OPINION: ‘Assassin’s Creed Syndicate’ – Rated M for Meh
A STEAMING PILE
I should start by saying that I am a lifelong Assassin’s Creed fan, to the point of obsession. I bought Assassin’s Creed II the day I turned 17 because the box art was cool, and I wanted to get my first M-rated game without needing my parents to buy it for me. I ordered the original Assassin’s Creed a few weeks later, and ever since then, I have been buying each game on release day. With that, I was particularly interested in the announcement of Assassin’s Creed Syndicate.
My overall impression of Syndicate, which was originally codenamed Victory, is one of apathy. We have known about the Victorian London setting for a while—ever since last year’s leak—so missing was the initial excitement for the newly revealed setting. But my lack of excitement is more than that. Syndicate looks like a strange brew of GTA, the Arkham series, Assassin’s Creed Unity and Brotherhood and gangster warfare, all in the “new” setting of Victorian London, but there isn’t much of anything new about Syndicate. This year alone had two other Victorian London games, The Order: 1886 and Bloodborne. The time period has been exhaustively explored in movies and TV as well, e.g. Peaky Blinders. The game looks eerily similar to Unity, one of the biggest disappointments of last year. It also sounds suspiciously like Brotherhood, with the focus of the game resting on the liberation of the city by means of recruiting regular townsfolk to fight alongside you. In a first for the series, Syndicate will feature two fully playable protagonists (Altair and Ezio in Revelations and Haytham and Connor in III don’t count), which was already done to near perfection in GTA V.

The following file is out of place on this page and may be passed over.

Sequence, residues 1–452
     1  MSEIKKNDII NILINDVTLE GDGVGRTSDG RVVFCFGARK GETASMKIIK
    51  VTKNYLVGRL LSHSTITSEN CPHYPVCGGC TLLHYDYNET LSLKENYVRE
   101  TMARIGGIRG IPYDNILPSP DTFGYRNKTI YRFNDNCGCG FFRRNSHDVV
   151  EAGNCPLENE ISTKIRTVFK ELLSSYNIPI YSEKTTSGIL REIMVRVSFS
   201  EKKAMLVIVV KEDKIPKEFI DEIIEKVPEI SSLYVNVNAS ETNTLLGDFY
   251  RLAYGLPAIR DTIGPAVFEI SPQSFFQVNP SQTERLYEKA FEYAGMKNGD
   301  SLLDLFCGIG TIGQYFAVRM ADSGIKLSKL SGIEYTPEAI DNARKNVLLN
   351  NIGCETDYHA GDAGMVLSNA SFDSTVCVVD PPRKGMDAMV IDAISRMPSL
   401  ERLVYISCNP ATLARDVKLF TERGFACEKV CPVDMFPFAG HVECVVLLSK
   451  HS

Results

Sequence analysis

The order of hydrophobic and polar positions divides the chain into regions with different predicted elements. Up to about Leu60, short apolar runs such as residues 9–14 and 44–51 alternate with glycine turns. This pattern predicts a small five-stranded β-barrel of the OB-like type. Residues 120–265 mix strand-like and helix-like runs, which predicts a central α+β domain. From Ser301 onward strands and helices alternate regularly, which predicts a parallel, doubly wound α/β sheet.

Syndicate also features a new grappling hook for easier traversal, which looks to function almost exactly like the grappling hook in the Arkham series. The main protagonist himself, Jacob Frye, is another brash, young, white, male assassin with a snarky attitude and a fondness for murder and parkour, just like Ezio, Edward, Arno and to a certain extent, Altair. Gangsters have been a staple in popular culture for almost 50 years now, and the sudden jump to a different time period does little to change that. Almost every single aspect of the Syndicate is derivative, which does little to excite me.
All of that being said, the game doesn’t look all bad. Syndicate is going to completely scrap the multiplayer elements that have distracted players and developers in the past, intending to go back to the roots of the series. Without focusing on any specific historical event like the American or French Revolutions, the game is free to tell its own story, instead of just being a historical sightseeing tour with lots of stabbing. While many of the new gameplay features look heavily inspired by other games, that does not necessarily take away from the enjoyment of them. The game is fixing many of the bigger issues with the gameplay of last year’s Unity, such as the return of whistling and less finicky cover mechanics. The developers have made every effort to try to make up for the buggy launch of Unity, and it shows. Whether or not this will change things for Syndicate’s critical reception remains to be seen.
In the end, Syndicate looks okay, but okay doesn’t sell me games. And if they can’t get me excited, given my loyalty the the series, than Ubisoft needs to really impress at E3. It is telling that I am debating whether or not to get the game on day one, which is the first time I have even considered not doing so. Ubisoft has a long road ahead of them to make up for Unity’s mistakes, and if today’s announcement is anything to go by, they haven’t done nearly enough.
Is ‘Syndicate’ too derivative? Will you be picking up the game? Tweet me @adam_mcconnell.
The views expressed in this article are the author's and do not necessarily represent the views of YouNerded.
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